• $\begingroup$ Most of your answer seems to be based on a premise which I believe is false: which is that it would be hard for a "Quantum Programming" site to get through Area51 (i.e. to convince SE to launch a site like that into Beta), in the event that we decide that those questions are off-topic here and that this site should be "Quantum Information Science" or something like that. $\endgroup$ Sep 1, 2021 at 15:43
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    $\begingroup$ @user1271772 Answering pure programming questions on QCSE or another dedicated site reduces engagement between software engineering and quantum computing communities. This invites some sad outcomes like low awareness of QC among software engineers and poor software engineering practices in QC projects. I think we should actively encourage people to post and search on SO, file and read github issues etc and not create a parallel SO for folks who happen to write code related to QC (or any other field). $\endgroup$ Jan 20 at 8:58
  • $\begingroup$ @AdamZalcman wow... it's been awhile since I commented in this chain! I have mixed feelings about directing people to SO, which is already an enormously busy site with so many issues on scales larger than anything we encounter here at QCSE. I got pinged with this comment earlier today, & I feel that 4 similar reasons, a "Quantum SO" for people asking quantum programming questions, would be more beneficial than sending them straight to SO. $\endgroup$ Jan 20 at 9:08
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We shouldn't split the site.

I like that the quantum computing stack exchange now has a lot of quantum programming library questions. This isn't the quantum computing theory stack exchange, it's a stack exchange for all things quantum computing. That includes the practical how-do-I-get-things-done-when-the-rubber-meets-the-road aspect. To me, new tags becoming popular indicates a growing and thriving community. We just keep doing what we're doing, and it's great! We shouldn't split our community in half over this unnecessary distinction between using ideas [on paper] and using ideas [in code].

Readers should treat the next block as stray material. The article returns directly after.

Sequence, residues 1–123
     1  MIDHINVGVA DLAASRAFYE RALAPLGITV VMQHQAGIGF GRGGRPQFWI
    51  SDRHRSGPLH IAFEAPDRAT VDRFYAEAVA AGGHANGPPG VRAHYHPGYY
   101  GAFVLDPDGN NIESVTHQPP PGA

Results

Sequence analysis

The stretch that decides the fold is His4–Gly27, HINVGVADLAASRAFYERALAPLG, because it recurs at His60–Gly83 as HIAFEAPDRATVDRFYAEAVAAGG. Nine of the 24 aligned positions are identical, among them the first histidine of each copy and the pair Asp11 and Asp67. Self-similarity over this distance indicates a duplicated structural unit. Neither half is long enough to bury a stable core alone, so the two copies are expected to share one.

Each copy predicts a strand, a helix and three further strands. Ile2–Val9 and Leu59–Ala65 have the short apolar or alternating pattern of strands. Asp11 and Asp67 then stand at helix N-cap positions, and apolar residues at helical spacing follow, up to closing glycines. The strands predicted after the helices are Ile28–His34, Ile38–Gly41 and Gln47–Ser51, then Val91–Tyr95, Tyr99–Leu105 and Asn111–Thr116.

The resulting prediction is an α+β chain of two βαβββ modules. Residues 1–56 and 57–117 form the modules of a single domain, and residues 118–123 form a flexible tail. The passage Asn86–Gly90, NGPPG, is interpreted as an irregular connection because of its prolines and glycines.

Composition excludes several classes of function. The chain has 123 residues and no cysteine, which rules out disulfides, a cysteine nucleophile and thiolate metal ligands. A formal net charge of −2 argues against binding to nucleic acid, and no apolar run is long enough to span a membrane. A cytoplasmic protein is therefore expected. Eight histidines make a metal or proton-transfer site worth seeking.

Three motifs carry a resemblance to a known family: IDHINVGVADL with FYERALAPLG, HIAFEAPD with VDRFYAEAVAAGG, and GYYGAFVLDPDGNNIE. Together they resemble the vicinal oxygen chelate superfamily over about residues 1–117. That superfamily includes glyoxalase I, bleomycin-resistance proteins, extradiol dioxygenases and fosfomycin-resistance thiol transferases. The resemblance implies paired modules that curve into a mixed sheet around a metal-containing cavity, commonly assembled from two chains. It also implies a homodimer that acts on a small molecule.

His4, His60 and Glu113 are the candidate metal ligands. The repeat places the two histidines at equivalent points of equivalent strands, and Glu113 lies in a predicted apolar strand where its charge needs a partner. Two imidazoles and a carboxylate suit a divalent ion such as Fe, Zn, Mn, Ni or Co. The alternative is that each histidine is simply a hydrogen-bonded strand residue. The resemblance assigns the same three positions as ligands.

What is the actual cost of having these questions? Are the more theory-focused questions now getting answered at a lower rate? Taking longer to get answered? Where is the quantitative data showing actual problems?

Before the quantum computing stack exchange, it was basically impossible to get answers to quantum computing questions on the internet. I remember really struggling with this when I was learning. The quantum physicists didn't understand the computing and the software engineers didn't understand the quantum physics, so it was figure-it-out-myself or nothing. This stack exchange basically fixed that. Fracturing it into pieces would be an excellent way to send the omitted or smaller pieces back to the dark ages of "no good place to get answers".

Also... I suspect new users will not immediately understand the distinction (see: stackoverflow vs softwareengineering). And oh boy am I not going to be spending my time moving questions from one site to the other, just because we like our bike sheds a particular color. What a waste of effort that would be.

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I have the feeling that things only got worse since August, so I hope you do not mind if I revive this discussion. Among the first ten questions there are 6 which are related to qiskit and IMO only one, perhaps two, of them are on-topic. Just look at the answers ... there are simply "use that class" or similar.

Now, one could argue that I can still vote to close them. Yes, that's right and I did that for one absurdly off-topic question. And if someone needs to be the bad guy which closes all the questions, ok then say so. However, I think that if there's some kind of agreement what's on-topic and what's not, then the mods should be doing it.